In 2014 he tweeted “Putin has eaten Obama’s lunch, therefore our lunch, for a long period of time.”

He added: “We should definitely do sanctions and we have to show some strengths.”

In August 2016, Trump tweeted: “So with all of the Obama tough talk on Russia and the Ukraine, they have already taken Crimea and continue to push.”

This line on Obama – that he was actually too weak on Russia – has been repeated by Trump and some of his supporters since his election.

On an episode of RT’s Crosstalk last week I heard commentator Steven Malzberg declare: “Obama stood by and watched Putin take Crimea. Obama stood by and watched Russia go in to Syria. He stood by and watched the Uranium go to Putin. He stood by and did nothing nearly as much as he could have done when it came to cybersecurity with Russia... Yet it’s Trump who’s the Putinite… It’s Trump who’s in bed with Putin.”

But Obama didn’t appease Russia at all. It was his administration which helped kick things off in Ukraine, imposed tough new sanctions on Russia and – lest we forget – applied pressure on European countries to do the same.

If tough sanctions and increasing NATO’s presence right up to Russian’s borders is ‘appeasement’ then what would ‘standing up to Putin’ have meant – nuking the Kremlin?

Trump in office – whether we blame the ‘Deep State’, powerful foreign interest lobby groups, Wall Street, the ‘Military-Industrial Complex,’ or  simply take the line that he never really intended to make a break with the past – has done more or less exactly what Obama would have done, had he been allowed a third term. Trump’s rhetoric is admittedly cruder (you can’t imagine Obama getting involved in ‘my button’s bigger than yours’ banter with Kim Jong-un, can you?). But don’t be fooled – the Donald is proving to be a very ‘normal’ American President.  And that’s the big problem for those who genuinely wanted change in Washington.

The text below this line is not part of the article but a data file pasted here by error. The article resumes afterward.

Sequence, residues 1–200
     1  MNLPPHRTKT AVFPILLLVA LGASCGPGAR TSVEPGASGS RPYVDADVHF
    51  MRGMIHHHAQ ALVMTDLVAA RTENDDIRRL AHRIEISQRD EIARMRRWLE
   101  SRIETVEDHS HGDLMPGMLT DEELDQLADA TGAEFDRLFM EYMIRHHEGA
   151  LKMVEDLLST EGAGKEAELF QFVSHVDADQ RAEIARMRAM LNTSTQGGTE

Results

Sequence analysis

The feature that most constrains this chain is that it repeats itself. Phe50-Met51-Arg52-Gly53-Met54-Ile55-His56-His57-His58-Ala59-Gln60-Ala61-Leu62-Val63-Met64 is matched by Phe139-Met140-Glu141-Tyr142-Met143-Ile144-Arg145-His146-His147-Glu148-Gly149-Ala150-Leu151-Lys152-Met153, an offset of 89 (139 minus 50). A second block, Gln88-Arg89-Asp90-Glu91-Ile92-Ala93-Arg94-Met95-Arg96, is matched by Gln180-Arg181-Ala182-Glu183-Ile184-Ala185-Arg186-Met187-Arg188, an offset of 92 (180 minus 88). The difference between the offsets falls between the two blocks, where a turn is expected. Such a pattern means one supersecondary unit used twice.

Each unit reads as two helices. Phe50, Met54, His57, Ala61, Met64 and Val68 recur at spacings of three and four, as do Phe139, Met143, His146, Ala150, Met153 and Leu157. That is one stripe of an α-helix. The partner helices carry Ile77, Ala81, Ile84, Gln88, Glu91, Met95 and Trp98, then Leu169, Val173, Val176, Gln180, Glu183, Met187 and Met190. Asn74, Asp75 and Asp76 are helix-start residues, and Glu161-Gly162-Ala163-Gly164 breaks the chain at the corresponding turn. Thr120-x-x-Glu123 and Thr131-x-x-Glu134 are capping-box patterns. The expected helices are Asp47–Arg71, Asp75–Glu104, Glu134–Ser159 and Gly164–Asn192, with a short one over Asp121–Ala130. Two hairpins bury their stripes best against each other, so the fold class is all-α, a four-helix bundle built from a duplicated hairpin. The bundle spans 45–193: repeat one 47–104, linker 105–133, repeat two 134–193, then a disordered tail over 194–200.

On Afghanistan Trump, having dropped the ‘Mother of All Bombs’ in April, announced in  August that US military intervention in the country was being expanded.

The same ‘Donald Trump’ had, just four years earlier tweeted:

On Syria, the continuity between Obama’s policies and Trump’s has been detailed in this RT report.

Again those who hoped that a Trump administration would allow Syrians to sort out their own affairs have been left feeling disappointed. “Assad must go,” the refrain of Obama and Hillary Clinton, is still US policy.

On Iran, Trump has been more aggressive verbally – but he still hasn’t pulled out of the nuclear deal. Only last week he endorsed it for a third time, while warning Europeans that it must be changed.

By the same token, when we had anti-government street protests in Iran at the turn of the year, it was Trump who sounded like the classic Democrat ‘liberal interventionist/democracy promoter’, declaring: “The USA is watching very closely for human rights violations!” He promised that Iranian protestors would receive “great support” from the US.

A genuine isolationist would have said that Iran’s internal political disagreements were their own business and no one else’s. But Trump, as he’s shown from his first twelve months in office, is not Pat Buchanan.

It’s clear when we look back at how US foreign policy HASN’T changed substantively in the past year, that playing tit-for-tat Republican v Democrat party games is leading us into a cul-de-sac. 

You’re a Russian appeaser! Here’s a custard pie!

No your side appeased Russia more! Here’s a custard pie back!” is the current level of debate.

It’s only when Americans and everyone else starts to think outside of the false Republican-Democratic Party, ‘liberal-conservative’  paradigm that we will finally get meaningful change. To prove the point let me take you back to late 2000. Back then Simon Jenkins, one of Britain’s most respected journalists (and certainly one of its most thoughtful), expressed his relief that after the military interventions of the Clinton years, we finally had a US President who wouldn’t meddle. The President he was referring to was one George W. Bush.  By 2016 we should all have learnt our lesson.